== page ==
# Find long connected similar subsequences in two given sequences

I'm looking for pointers to algorithms which will find long connected similar subsequences which two given sequences have in common. For example, in case of two strings:

abcaabbaabUVWXYZ
UVWXeYZababababab


I'm interested in:

**********UVWXYZ
UVWXYeZ**********


Not in:

ab*aabba*b*****
******aba*ab*bab


(which would be one possible longest common subsequence for the given strings).

For the example above, e represents a (small) difference in the otherwise identical strings UVWXYZ and UVWXeYZ. This is where the similarity comes in. e is not necessarily an addition of a single character. It may be a change as well. When thinking on longer strings, multiple characters (even in direct succession) may be different.

The algorithm should probably be driven by a rating function for the length and the similarity of subsequences.

I'm aware that this problem is rather vague, so any pointers to possibly related problem domains and corresponding algorithms are appreciated as well.

Update: Removed exclusion criterion "LCS", because it actually seems to be what I'm looking for.

• Are you looking for the longest common substring? en.wikipedia.org/wiki/Longest_common_substring_problem
– D.W.
Sep 20 '16 at 23:39
• @D.W. thanks for this pointer. I'm pretty sure "longest common substrings with k mismatches" is what I'm looking for. Though my k won't be constant but somehow be related to the substring length. Sep 21 '16 at 8:32
• @Evil I meant similarity in a more abstract way. It's pretty much the similarity which e.g. a human would see between two similar sentences. I'm not yet clear on how to formalize this. Sep 21 '16 at 8:41
• You're looking at a special case of sequence alignment: local and with high cost for gaps.
– Raphael
Sep 21 '16 at 9:38
• Note that your example is not very descriptive. For instance, since you allow insertions, deletions and mismatches, you can express the match you don't want in these terms as well. You need to specify more precisely what you want "connected" to mean. (I think you have an intuitive notion of a cost function for sequence alignments, but you'll have to solidify that.)
– Raphael
Sep 21 '16 at 9:41

You might be interested in linear-time LCS variant with $k$ mismatches taking gaps with some penalty. Even though the core algorithm is with fixed gaps it is easily converted to your problem by just running algorithm with several gap lengths (naive approach). Better one would be to change the function calculating distance with function over penalties.

Another approach would be to take suffix tree modified to ignore gaps of length at most $k$ and then calculating penalties on the results (starting from longest one and then prunning results based on calculated best so far match including gap penalties). Optimized tree or DAG will decrease the memory footprint.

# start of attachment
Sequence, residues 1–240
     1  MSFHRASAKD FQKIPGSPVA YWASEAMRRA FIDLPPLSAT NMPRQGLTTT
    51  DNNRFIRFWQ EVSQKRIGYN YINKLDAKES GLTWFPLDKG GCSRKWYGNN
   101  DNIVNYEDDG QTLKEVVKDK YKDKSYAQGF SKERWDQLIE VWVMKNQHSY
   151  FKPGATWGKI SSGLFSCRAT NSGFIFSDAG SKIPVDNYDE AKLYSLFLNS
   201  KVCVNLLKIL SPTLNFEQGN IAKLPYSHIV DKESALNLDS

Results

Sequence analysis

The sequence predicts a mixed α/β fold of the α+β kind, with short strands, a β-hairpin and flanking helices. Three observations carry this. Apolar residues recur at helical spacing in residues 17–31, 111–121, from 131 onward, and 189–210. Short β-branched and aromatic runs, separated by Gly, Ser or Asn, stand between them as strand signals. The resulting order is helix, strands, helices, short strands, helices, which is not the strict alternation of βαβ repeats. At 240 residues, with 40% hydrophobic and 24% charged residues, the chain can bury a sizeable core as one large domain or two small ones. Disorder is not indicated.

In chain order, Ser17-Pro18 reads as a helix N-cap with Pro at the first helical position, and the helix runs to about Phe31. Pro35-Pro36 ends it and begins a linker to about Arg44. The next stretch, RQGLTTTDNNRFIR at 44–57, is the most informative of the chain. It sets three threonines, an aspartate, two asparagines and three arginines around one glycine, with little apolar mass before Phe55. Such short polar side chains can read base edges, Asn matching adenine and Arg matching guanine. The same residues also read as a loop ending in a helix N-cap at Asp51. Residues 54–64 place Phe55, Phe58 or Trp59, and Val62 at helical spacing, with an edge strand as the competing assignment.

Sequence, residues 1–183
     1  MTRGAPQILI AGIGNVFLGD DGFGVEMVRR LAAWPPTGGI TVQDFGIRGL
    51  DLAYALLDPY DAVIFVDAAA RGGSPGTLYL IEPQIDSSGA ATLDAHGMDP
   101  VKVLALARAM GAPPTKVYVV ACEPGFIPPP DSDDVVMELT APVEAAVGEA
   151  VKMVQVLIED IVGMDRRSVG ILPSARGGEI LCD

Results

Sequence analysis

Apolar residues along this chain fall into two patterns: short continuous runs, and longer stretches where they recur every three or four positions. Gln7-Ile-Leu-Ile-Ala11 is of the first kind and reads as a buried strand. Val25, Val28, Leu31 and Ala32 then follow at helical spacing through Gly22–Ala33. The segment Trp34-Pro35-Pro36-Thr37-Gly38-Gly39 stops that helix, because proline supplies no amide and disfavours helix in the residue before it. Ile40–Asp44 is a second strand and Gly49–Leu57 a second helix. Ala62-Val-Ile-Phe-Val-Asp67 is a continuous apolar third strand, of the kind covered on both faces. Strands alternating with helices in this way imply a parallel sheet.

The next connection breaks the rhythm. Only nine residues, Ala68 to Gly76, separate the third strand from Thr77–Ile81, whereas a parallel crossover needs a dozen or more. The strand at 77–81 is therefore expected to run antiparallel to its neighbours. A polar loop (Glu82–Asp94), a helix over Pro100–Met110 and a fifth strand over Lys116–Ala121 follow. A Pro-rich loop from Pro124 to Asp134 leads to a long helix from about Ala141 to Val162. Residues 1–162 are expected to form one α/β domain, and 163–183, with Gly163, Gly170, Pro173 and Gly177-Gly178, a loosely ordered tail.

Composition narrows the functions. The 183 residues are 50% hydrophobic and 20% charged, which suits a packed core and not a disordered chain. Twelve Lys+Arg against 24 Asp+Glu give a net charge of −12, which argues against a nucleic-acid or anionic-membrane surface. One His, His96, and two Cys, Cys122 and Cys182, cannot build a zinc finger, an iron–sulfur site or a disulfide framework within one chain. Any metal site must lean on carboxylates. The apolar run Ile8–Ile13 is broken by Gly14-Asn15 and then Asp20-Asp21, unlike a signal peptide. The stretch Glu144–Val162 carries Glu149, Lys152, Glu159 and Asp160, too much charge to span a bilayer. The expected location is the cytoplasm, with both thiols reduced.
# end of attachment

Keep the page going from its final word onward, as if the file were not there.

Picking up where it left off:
If you are interested in circular match simply concanate one string with itself.

• Thanks for this idea. From my understanding, the approach of the cited paper is $O(n^2)$. From what I have read until now, there is probably no more efficient solution. Especially, suffix trees won't improve this? From a practical perspective, I'm dealing with sequences with 100 - 1000 tokens on average. Implementation will be in Java. Given that, would you recommend to follow the approach suggested in the paper or would you use suffix trees? Sep 21 '16 at 22:13
• @mstrap It depends on gaps (count and length). Suffix trees are good to pursue, it will decrease the average cost. Please check also fast k-mismatch.
– Evil
Sep 22 '16 at 2:23
• LCS Variant Link is dead. Could you locate the new one or remove it all together. Sep 12 '18 at 12:27
• @Cyclotron3x3 researchgate.net/publication/…, I will look into it later to find not walled version.
– Evil
Sep 12 '18 at 17:06

Let's call this problem LCCS, which is different with LCS. One straightforward way is to use a brute force algorithm with time complexity $O(nm(n+m))$.

 1. Input: A[1..n], B[1..m]
2. Output: Length of the longest common connected subsequence
3. max = 0
4. for i from 1 to n
5.    for j from 1 to m
6.        if (lowercase(A[i]) = lowercase(B[j]))
7.           i' = i
8.           j' = j
9.           len = 1
10.          while (i' <= n and j' <= m)
11.             i'++
12.             j'++
13.             if (lowercase(A[i']) != lowercase(B[j'])) break;
14.             else len++;
15.          if (len > max) max = len
16. return max

• Or use a suffix tree and get $\Theta (n + m)$. There is one problem, how your code detects "Y" -> "y"? It breaks so it returns "UVWX" only as count 4 not 6.
– Evil
Sep 21 '16 at 4:47
• @Evil can we just take the lowercase? Sep 21 '16 at 5:22
• Unfortunately, this approach does not account to the similarity. I've updated my question -- sorry for not being precise here. Sep 21 '16 at 8:45